Voting will end on 11:59pm PDT on Monday, 29 September. You can see last year's Saxxy winners here.
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title="Permanent Link to Team Fortress 2 poster mistaken for US propaganda on Russian state television">soldier

Image source: http://tjournal.ru/paper/1tv-team-fortress

As part of an effort to show how the United States uses propaganda to influence the mindset of its citizens, a historical documentary recently aired by Russia's Channel One offered up what it said was a First World War poster portraying German soldiers as monsters who literally eat babies. One problem: It wasn't a soldier, it was the Soldier, and the poster is actually Team Fortress 2 fan art.

The show, which presumably came about as a result of rising tensions between the US and Russia, offered the poster as evidence of US efforts to demonize its enemies, "regardless of any logic or common sense," according to the International Business Times. "The American public had to firmly acknowledge that Germans were evil," the narrator says.

And the guy on the poster certain looks evil. "Soldiers eat babies. That's a fact," it states, before exhorting readers to join Team Demoman, a giveaway that clearly eluded the show's non-English-speaking creators. TJournal.ru picked up on it, however, and noted that it was actually created by DeviantArt user TankTaur for a Team Fortress 2 propaganda contest.



We weren't certain at first that this was real, but the image posted by TJournal carries the Channel One watermark, and even better, we also managed to track down the program on YouTube. It's in Russian, but you don't need to speak it to get it.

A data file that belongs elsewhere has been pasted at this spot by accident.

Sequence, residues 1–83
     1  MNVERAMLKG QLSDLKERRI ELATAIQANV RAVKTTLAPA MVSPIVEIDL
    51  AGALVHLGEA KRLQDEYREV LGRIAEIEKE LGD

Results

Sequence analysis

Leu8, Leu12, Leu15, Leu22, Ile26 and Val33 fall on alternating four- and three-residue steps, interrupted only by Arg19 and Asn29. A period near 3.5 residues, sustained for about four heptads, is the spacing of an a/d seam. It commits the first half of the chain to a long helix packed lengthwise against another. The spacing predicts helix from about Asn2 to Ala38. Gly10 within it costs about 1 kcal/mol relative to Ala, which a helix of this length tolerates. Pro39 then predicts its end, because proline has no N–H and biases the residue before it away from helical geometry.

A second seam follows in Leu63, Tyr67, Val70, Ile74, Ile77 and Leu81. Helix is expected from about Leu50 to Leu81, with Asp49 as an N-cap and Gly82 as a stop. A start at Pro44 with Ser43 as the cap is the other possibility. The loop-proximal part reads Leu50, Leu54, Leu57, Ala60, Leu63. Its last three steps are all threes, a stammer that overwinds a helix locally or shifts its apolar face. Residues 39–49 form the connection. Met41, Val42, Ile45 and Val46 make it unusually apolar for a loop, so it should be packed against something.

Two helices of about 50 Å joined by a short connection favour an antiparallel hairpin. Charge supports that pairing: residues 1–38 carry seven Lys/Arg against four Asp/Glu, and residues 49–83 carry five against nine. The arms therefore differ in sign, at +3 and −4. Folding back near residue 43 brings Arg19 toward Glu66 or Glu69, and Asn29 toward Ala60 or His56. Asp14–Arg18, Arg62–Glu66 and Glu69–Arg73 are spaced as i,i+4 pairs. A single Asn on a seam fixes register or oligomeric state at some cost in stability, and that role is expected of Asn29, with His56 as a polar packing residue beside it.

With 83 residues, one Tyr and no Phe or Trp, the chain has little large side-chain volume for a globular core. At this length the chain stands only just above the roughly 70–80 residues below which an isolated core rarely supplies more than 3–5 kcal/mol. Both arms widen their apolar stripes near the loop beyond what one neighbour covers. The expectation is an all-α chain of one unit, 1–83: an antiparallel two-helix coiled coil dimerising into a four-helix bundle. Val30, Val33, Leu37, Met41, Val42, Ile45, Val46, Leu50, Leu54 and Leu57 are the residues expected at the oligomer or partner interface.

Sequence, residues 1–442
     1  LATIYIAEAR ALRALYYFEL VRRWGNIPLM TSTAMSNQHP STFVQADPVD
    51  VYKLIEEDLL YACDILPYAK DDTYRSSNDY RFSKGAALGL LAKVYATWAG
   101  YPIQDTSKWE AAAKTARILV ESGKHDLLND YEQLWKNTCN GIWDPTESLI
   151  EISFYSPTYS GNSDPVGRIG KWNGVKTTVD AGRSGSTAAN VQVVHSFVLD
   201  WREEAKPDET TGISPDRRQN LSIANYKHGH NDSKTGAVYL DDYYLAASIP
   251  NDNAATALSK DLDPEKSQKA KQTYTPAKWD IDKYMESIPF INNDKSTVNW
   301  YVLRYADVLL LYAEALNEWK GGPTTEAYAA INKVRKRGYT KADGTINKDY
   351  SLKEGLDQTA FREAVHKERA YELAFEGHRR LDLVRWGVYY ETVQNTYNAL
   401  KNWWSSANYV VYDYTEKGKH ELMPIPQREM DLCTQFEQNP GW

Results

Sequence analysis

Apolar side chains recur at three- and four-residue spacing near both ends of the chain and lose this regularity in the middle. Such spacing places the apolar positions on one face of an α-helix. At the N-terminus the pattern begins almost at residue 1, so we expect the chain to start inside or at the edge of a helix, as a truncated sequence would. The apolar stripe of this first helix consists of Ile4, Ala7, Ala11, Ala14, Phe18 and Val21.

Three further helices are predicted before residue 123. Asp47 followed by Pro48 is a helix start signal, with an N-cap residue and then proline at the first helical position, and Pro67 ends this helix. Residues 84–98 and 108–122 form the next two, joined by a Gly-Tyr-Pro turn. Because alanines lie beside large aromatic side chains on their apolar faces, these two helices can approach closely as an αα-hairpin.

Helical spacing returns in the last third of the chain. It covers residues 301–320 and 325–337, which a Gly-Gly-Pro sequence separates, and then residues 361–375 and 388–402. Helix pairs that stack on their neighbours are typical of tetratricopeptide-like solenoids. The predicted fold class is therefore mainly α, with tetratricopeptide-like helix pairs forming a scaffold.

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title="Permanent Link to Super Time Force Ultra comes to Steam next week, will (probably) feature TF2 characters">STf



Okay, congratulations indie games, you did it again. For a while I thought Capy's Super Time Force wouldn't make it to PC, which given the reviews of its Xbone version would have been a shame. Naturally, I was worrying over nothing. Not only will the 2D action time-travel-'em-up release on Steam on 25 August, but it'll arrive in a special Ultra edition.

Super Time Force Ultra will, according to the developers, bring "50 new Helladeck challenge levels, inter-dimensional Ultra Force powers and 3 super-awesome, super-secret new characters". Those characters appear in the trailer as silhouetted figures. The second looks extremely like the TF2's Pyro, and the third like TF2's Saxton Hale. The first? If we stick with the TF2 theme, it could be Miss Pauling. Otherwise, I've no idea. If you think you know, jump into the comments.

In Super time Force, you get to battle through levels. You also get to rewind time switching characters to re-battle through levels with your past self at your side.

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title="Permanent Link to Team Fortress 2 now accepting merchandise designs through the Steam Workshop">TF2 Clothing



Team Fortress 2 has shown that people will pay good money for virtual headclothes that sit upon the crown of the cartoon murderers they control in first person. Now Valve are trying something daring: seeing if people will pay for non-hats not in the game, but in real life. The TF2 Workshop is now accepting community designs for new lines of merchandise to be sold through the Valve Store.

As per the regular TF2 item popularity contest, users can upload their designs to the Workshop to be judged by the community. "We ll curate the top-rated entries," write Valve, "and the best of the best designs will be made available as official merchandise at the Valve Store and various online retailers. You won't just be ensuring your place in history: You'll also get paid a handsome royalty for every unit sold."